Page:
9) Isolation refers to all of the activities completed to separate the space from sources of energy and other issues that may create a hazardous condition within the space. This topic includes hazardous energy control processes that are usually covered in lockout/tagout training. It may also cover issues concerning pipe isolation techniques such as blanking if that is appropriate to your processes.

10) Ideally, entries will be completed without the need for personal protective equipment (PPE). At times though PPE will be necessary during a confined space entry. Your personnel must know how to select the appropriate PPE for the task or know where to find assistance to make the correct selection. Proper use is also important with PPE, particularly if respiratory protection is required.

11) Many other types of safety equipment in addition to PPE may be required for confined space entry. For example, harnesses and retrieval devices. Your personnel must be familiar with the setup and operation of all of the safety equipment available to them.

12) Lighting is a simple but important part of conducting safe entries. Your training should cover the equipment your organization uses including safety issues such as the use of ground-fault circuit interrupters (GFCI) and explosion-proof lighting (if this is necessary in your facility).

13) Communications, particularly between the entrant(s) and the attendant, are essential to safety during entries. In environments such as high noise areas where equipment must be used to supplement voice communications, it is imperative that your personnel know how to setup and use this equipment properly.

14) We hope we never need to implement emergency procedures but we must have them and our personnel need to be well-trained on implementing them if something goes wrong during an entry.

15) When preparing confined space training take advantage of other training that your target audience may have already completed.
For example, all personnel should have completed hazard communications training that at a minimum taught them how to read a material safety data sheet (MSDS). This skill is an important part of hazard assessment in confined space entry.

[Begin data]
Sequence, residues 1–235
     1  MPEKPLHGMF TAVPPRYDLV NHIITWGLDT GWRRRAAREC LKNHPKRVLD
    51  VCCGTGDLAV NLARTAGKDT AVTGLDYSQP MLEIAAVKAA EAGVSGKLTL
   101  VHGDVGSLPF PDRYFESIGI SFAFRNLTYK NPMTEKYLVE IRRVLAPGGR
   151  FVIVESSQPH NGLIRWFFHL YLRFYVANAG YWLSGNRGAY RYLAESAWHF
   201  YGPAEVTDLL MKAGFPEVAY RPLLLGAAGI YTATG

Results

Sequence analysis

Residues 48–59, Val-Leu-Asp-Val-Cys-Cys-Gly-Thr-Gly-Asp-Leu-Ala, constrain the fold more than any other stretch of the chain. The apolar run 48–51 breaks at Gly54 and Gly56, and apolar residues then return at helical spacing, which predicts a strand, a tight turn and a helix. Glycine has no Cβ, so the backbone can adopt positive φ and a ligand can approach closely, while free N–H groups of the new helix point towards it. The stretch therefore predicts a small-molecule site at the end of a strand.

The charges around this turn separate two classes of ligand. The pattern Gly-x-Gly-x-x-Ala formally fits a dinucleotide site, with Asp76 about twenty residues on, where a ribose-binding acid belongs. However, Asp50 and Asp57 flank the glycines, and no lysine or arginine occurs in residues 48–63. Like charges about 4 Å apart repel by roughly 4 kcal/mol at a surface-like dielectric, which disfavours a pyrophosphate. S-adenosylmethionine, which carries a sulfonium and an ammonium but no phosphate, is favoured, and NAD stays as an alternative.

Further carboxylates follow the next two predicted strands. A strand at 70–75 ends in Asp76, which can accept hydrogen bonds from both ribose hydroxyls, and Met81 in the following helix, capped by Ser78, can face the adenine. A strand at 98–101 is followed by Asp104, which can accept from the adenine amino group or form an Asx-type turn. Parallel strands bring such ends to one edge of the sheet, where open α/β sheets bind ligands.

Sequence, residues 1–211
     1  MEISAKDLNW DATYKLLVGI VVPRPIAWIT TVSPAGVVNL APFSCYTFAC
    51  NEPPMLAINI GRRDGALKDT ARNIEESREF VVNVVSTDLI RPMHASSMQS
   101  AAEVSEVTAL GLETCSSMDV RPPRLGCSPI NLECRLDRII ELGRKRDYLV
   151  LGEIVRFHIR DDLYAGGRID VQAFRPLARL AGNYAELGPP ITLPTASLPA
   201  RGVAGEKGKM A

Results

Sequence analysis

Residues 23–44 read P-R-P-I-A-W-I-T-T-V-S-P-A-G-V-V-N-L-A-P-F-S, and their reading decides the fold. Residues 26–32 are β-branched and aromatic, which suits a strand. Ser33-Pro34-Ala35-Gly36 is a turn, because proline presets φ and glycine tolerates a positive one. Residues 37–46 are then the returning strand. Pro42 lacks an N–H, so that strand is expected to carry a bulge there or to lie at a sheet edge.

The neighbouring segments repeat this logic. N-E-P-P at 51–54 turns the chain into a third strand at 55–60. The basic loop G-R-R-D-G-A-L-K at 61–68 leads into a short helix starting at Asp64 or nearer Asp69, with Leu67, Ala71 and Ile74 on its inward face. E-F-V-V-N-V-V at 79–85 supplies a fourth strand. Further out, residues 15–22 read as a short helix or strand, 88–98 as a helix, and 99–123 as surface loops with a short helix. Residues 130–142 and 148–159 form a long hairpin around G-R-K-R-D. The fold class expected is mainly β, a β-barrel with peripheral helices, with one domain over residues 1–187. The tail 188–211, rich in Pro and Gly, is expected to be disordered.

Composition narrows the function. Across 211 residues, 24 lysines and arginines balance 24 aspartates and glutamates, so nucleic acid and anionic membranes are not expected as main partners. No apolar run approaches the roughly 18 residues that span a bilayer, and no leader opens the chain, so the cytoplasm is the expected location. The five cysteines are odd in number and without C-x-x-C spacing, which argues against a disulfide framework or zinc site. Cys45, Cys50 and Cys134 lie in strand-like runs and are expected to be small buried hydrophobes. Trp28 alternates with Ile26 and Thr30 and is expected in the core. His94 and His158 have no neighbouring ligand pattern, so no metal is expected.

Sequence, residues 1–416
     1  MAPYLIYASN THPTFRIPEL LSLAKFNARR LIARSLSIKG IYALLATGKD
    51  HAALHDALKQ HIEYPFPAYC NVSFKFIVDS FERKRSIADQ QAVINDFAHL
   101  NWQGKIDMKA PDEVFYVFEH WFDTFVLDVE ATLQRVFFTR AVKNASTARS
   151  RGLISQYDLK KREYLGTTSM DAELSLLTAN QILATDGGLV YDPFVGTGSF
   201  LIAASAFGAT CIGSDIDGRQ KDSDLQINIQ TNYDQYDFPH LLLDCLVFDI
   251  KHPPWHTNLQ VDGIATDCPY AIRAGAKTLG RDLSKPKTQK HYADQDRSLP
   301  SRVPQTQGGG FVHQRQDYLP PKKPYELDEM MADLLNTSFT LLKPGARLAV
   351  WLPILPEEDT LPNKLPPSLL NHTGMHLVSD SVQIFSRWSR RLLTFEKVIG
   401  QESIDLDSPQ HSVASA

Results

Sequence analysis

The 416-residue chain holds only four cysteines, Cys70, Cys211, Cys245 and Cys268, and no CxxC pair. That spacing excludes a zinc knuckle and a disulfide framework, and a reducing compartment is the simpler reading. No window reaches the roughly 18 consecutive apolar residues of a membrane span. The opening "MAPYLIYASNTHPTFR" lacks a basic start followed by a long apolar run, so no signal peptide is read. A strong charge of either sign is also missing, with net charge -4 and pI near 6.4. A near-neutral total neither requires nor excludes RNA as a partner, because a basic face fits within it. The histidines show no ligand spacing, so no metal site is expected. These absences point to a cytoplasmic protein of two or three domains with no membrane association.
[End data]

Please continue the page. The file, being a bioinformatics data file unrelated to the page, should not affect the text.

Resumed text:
Also, many of the personnel that will be involved in confined space entry may have had lockout/tagout training for their other job duties. At least some of this training should apply to confined spaces. Training that was originally conducted for another purpose but applies to confined space entry does not need to be repeated.

16) Confined space entries involve physical skills. Training should include practice with equipment. Practice sessions should provide as realistic a situation as practical. Remember, a confined space entry for practice will require all of the same preparations that an actual work entry would need.

17) OSHA regulations (1910.146(g)) do not require routine refresher training for entry personnel. From a practical perspective periodic refresher training is important. How frequently it should be completed will depend upon several things including: how often your personnel make entries, the type of entries they make, risks associated with your entries, and potentially many other issues.

Training is a key element of any effective confined space process. It is the element that ties all of the other components together so your personnel can perform safe entries.